So rather than pony up, and take responsibility for their (in)decision, they're making me wait for another owner to come in, and unknowingly donate his control unit to me for a few days, so they can test it without pulling one off the shelf.
How's THAT for service?!?!
E46 M3 SMG problem
Has there been any development with BMW NA on this issue. I have the same exact symptoms listed. I havent heard anything about the HCU temp sensor on any other forums than this one. THe dealer is telling me I need a pump because it is loosing pressure, but I only have problems when it is extremely hot. Is the pump pressure related to temperature?
2006 M3 CSL - Hydraulic Pump Failure
A few months ago, I purchased a 2006 M3 with SMG and ~ 22,500 miles. The first mechanical failure was the hydraulic pump. After a ~ $3200.00 dealer repair, I have a car that making mechanical noises when shifting between first and second gears and second and third gear. The dealership claims these noises will dissipate over time because the pump is part of the car's "learned value" system. In clarifying, the dealership explained the car will learn the driver's input and make adjustments. Artificial intelligence, hummm. Regardless, my hands are tied... must have the car. So, I am very interested in the status of the thread. What's the status?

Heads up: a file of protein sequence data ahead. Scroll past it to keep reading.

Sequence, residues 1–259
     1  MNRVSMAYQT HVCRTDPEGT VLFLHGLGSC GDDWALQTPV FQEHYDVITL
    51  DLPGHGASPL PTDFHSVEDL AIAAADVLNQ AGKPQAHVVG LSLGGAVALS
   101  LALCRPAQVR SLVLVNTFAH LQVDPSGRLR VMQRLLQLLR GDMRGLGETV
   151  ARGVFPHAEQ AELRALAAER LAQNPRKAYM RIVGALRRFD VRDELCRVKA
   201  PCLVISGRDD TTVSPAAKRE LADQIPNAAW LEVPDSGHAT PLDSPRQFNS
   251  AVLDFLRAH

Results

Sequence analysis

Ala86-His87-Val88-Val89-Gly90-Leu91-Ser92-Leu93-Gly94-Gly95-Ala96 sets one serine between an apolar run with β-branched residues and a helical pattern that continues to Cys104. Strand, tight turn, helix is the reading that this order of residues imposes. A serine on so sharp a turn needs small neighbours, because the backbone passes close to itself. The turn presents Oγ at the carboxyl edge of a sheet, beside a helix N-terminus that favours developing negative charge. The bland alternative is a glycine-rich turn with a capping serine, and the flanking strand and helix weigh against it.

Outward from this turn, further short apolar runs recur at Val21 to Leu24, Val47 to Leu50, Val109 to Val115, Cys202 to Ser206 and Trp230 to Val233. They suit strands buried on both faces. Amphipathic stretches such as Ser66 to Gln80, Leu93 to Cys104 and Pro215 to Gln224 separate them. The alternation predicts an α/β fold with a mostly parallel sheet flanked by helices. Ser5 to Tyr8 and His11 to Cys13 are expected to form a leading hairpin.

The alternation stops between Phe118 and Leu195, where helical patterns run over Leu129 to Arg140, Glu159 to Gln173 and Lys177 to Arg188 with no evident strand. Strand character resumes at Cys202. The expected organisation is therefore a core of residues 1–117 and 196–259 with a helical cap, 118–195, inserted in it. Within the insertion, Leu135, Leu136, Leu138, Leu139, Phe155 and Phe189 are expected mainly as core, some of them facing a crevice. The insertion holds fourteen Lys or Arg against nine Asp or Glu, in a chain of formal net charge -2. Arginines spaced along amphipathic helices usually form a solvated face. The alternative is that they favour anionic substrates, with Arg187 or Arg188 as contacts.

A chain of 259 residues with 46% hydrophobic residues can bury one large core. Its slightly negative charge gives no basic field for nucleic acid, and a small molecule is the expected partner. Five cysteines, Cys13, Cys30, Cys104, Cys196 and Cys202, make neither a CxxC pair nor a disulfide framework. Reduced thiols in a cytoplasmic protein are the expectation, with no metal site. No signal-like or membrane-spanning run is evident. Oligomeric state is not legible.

Martinez, GA 30907
This thread is pretty much dead
If you notice, the original poster hasn't replied since his first post. I'd try M3Forum.net or some of the other boards. There are reports that some folks have unplugged the temp sensor and fixed their problems, but I have no first hand knowledge. What I'd tell you is this: First thing, you absolutely have to get your SMG codes read, AFTER your last service, repair or code reset, so you know where you are currently. There are ENDLESS opinions on SMG problems, it is a complex system in that like most servos, problems and error codes, seem have the possibility of more than one fix. But if you get an error that indicates the pump is running too long, or it is cycling too often, AND your Pentosin fluid is full, and you don't have a leak in the HCU/servo, it is HIGHLY PROBABLE you need either the accumulator or a whole HCU. I don't know how to tell if only the accumulator would fix a problem.
708 Summerset Green
Franklin, TN 37069
2003 M3 Coupe
Clearly this is a serious safety issue. To accelerate a proper resolution I would suggest that every person who has experienced this issue file a formal complaint at nhtsa.gov as they are the federal auto consumer safety agency. It only takes five minutes to report these safety issues online. NHTSA has the power to force a recall and proper repair of these safety issues.
545 Ruby Ave
Hemet, CA 92543